Adrian Wyld The Canadian Press The Minister of Foreign Affairs, Mélanie Joly, during from a press conference on October 19
While calling for “humanitarian pauses” in the Gaza Strip, Foreign Affairs Minister Mélanie Joly says she is concerned about the repercussions in Canada from the war between Israel and Hamas.
“The crisis in the Middle East has stoked fear in our communities,” she said in a speech to the Economic Club of Canada in Toronto, Monday.
The head of Canadian diplomacy deplored the “human tragedy” which has struck the Gaza Strip since the surge of “nameless violence” perpetrated by Hamas on the people of Israel on October 7.
< p>The Canadian government is working to facilitate the conclusion of an agreement allowing the delivery of food, water and fuel to the Gaza Strip, the release of hostages in the hands of Hamas — including possibly two Canadians — as well as as the departure of all stranded foreign nationals, including 400 Canadians, who are living in “fear” and “despair.” “We have a duty to bring them back to safety. This is why we need humanitarian pauses, a humanitarian truce, in Gaza,” stressed Ms. Joly.
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“The humanitarian situation of the Palestinian people, Palestinian women and children is disastrous,” argued the liberal elected official, denouncing in passing “the attacks by extremist settlers” against Palestinians in the West Bank.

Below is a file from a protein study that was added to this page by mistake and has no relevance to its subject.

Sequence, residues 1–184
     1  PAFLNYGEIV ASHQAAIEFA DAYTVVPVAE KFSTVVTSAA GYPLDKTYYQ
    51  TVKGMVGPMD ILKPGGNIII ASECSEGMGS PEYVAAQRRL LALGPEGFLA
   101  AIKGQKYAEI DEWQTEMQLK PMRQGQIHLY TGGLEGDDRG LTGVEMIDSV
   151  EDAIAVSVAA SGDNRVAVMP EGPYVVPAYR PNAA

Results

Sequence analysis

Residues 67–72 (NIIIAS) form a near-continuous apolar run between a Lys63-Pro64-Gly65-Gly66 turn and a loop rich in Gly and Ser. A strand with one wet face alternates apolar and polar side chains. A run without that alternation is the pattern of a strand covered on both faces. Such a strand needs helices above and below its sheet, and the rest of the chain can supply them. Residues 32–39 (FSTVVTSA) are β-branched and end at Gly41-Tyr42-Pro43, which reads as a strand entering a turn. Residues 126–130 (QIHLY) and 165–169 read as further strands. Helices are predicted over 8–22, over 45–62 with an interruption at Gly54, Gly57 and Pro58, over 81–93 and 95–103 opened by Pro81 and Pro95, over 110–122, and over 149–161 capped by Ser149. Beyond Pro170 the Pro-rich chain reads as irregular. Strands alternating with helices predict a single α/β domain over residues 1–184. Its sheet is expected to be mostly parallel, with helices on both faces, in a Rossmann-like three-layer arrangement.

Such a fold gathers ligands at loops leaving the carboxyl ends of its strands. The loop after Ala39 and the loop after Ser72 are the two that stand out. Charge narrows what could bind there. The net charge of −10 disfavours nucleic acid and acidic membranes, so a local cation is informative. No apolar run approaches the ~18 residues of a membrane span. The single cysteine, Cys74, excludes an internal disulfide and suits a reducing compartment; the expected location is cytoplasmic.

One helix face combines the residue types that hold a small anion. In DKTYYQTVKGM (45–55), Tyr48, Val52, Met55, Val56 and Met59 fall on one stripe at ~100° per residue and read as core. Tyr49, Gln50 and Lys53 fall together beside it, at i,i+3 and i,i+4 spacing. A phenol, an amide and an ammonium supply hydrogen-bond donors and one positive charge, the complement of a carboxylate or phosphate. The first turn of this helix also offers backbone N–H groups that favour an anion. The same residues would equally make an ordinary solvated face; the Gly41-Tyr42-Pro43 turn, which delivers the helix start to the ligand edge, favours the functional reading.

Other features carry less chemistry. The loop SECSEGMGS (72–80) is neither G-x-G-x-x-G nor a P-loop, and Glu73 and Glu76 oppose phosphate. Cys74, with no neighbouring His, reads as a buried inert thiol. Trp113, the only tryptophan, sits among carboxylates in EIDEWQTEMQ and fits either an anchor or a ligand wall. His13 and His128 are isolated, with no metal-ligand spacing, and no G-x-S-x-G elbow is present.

“The right to defend oneself”
“Like all states, Israel has the right to defend itself against terrorist attacks. It has an obligation to do so in accordance with international law. Because even in times of crisis, there are principles. Even in times of war, there are rules,” said Mélanie Joly, returning from a mission that took her from Cairo, Egypt, to Yerevan, Armenia, via Abu Dhabi, Arab Emirates united.
Civilians, Israeli and Palestinian, are “equal” in his eyes.
Mélanie Joly drew the attention of members of the Economic Club of Canada to the “local effect” of “global issues”, such as climate change, which fills the “summer sky with smoke”, global inflation, which “gives the impression that it is increasingly difficult to get by, let alone move forward”, or the crisis in the Middle East…
Mélanie Joly said she was convinced, in these times of “global crises” and “deep uncertainty”, that Canada can greatly contribute to building a world “more stable “. To achieve this, Ottawa will conduct “pragmatic diplomacy” consisting of exchanging with both democrats and autocrats – as long as they follow “basic principles” such as “respect for the sovereignty and territorial integrity of others” – and “vigorously defend[s]” its own sovereignty, including its cultural sovereignty as well as the “integrity of its media.”
“With the security of the world at stake, our security at stake , we cannot just rely on our old friends. […] And we will have to reach out to new partners among a broad coalition of States,” explained Mélanie Joly.